Solar Power

Nevada Solar One

“If we talk about geothermal or wind, all these other sources of renewable energy are limited in their quantity,” Eicke Weber, director of the Fraunhofer Institute for Solar Energy Systems, in Freiburg, Germany, told me last fall. “The total power needs of the humans on Earth is approximately 16 terawatts,” he said. (A terawatt is a trillion watts.) “In the year 2020 it is expected to grow to 20 terawatts. The sunshine on the solid part of the Earth is 120,000 terawatts. From this perspective, energy from the sun is virtually unlimited.”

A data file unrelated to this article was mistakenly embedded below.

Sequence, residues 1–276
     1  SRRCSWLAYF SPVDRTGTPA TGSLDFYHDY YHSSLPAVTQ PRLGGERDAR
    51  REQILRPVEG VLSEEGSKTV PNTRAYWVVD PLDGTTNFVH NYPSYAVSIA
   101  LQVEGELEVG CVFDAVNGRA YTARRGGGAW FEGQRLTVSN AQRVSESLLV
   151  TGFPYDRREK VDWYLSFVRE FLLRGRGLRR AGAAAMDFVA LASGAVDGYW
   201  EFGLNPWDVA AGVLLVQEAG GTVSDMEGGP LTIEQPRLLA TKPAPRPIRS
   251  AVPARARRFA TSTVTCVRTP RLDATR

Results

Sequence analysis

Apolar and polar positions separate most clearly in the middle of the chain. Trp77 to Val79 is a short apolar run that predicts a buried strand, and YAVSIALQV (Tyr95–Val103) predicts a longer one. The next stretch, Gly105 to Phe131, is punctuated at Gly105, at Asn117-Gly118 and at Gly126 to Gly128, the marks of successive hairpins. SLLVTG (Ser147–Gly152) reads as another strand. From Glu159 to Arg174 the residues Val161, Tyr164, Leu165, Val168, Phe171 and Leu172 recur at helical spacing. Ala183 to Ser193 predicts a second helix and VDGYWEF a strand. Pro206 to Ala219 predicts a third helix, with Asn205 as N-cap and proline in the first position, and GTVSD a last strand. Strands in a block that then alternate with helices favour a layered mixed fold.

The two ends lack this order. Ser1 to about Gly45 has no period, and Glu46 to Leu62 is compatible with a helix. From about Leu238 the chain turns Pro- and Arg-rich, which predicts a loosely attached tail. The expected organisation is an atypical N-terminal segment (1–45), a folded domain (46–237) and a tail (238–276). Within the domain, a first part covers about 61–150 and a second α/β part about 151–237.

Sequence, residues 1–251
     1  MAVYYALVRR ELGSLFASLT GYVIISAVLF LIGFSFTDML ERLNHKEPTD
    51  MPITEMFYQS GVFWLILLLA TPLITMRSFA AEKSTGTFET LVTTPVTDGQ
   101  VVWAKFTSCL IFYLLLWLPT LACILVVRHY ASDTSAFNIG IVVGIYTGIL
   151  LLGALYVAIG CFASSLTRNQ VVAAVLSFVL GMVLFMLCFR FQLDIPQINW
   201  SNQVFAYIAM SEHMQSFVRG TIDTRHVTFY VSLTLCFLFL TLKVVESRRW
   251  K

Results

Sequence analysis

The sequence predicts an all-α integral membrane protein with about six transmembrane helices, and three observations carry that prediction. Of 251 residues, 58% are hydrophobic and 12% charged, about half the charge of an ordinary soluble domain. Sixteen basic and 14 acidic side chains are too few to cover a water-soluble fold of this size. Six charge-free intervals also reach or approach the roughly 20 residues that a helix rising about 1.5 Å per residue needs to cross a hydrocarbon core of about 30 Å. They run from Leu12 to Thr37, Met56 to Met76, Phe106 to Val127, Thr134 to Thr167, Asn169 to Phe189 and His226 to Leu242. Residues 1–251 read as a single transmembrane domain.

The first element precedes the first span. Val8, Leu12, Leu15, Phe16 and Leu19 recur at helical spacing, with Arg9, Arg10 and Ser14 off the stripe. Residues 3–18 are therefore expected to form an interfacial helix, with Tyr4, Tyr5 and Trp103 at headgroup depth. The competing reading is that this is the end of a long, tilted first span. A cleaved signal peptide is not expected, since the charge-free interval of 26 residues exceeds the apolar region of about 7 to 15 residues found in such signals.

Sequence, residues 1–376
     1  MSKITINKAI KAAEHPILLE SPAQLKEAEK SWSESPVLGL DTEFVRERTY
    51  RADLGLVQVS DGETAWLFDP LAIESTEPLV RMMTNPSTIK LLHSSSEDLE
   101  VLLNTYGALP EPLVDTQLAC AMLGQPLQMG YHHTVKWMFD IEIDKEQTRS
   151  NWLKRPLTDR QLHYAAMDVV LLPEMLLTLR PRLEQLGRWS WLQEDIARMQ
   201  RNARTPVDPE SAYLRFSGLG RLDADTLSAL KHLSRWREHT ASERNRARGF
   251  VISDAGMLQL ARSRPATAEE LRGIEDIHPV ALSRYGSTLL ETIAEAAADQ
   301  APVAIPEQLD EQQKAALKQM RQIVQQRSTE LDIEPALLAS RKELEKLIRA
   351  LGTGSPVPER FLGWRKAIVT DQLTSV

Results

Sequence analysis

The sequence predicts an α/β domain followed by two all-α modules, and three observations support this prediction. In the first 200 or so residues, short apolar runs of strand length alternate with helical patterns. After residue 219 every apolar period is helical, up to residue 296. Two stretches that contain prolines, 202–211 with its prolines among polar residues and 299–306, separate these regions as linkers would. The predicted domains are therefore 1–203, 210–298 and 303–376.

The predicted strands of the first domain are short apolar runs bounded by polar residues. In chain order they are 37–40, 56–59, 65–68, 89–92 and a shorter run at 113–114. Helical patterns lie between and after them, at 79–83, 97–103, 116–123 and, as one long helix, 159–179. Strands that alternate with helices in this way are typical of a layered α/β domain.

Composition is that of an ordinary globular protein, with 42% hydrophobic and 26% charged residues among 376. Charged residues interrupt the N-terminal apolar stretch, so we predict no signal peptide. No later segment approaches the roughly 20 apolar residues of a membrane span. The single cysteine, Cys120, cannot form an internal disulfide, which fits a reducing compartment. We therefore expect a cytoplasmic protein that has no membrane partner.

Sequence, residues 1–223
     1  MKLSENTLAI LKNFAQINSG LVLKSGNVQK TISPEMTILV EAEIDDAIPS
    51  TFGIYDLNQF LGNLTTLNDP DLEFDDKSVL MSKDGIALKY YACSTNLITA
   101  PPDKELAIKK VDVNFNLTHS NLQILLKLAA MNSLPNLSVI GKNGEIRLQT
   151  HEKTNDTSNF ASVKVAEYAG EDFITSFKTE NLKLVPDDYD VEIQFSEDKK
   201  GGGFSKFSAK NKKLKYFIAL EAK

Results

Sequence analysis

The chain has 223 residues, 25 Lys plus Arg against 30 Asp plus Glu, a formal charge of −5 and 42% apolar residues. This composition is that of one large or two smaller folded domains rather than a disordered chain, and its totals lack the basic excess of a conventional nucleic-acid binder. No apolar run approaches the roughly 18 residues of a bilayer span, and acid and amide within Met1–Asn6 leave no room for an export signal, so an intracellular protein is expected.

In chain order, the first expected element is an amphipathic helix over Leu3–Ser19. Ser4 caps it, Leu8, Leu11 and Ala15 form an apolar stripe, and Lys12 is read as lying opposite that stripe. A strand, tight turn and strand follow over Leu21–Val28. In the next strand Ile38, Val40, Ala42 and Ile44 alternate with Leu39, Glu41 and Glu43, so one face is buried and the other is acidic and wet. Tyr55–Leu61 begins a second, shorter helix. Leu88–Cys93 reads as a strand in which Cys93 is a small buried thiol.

There are two main ways to harness it. The first is to produce steam, either with parabolic troughs like the ones in Nevada or with a field of flat, computer-guided mirrors, called heliostats, that focus sunlight on a receiver on top of an enormous “power tower.” The second way is to convert sunlight directly into electricity with photovoltaic (PV) panels made of semiconductors such as silicon.


“I always say the United States addresses the idealists, those who want to save the planet—the Birkenstock crowd. In Germany the law addresses anyone who wants to get 8 percent return on his investment for 20 years.”

Solar Power — National Geographic Magazine.

Via – Rajesh Jain.


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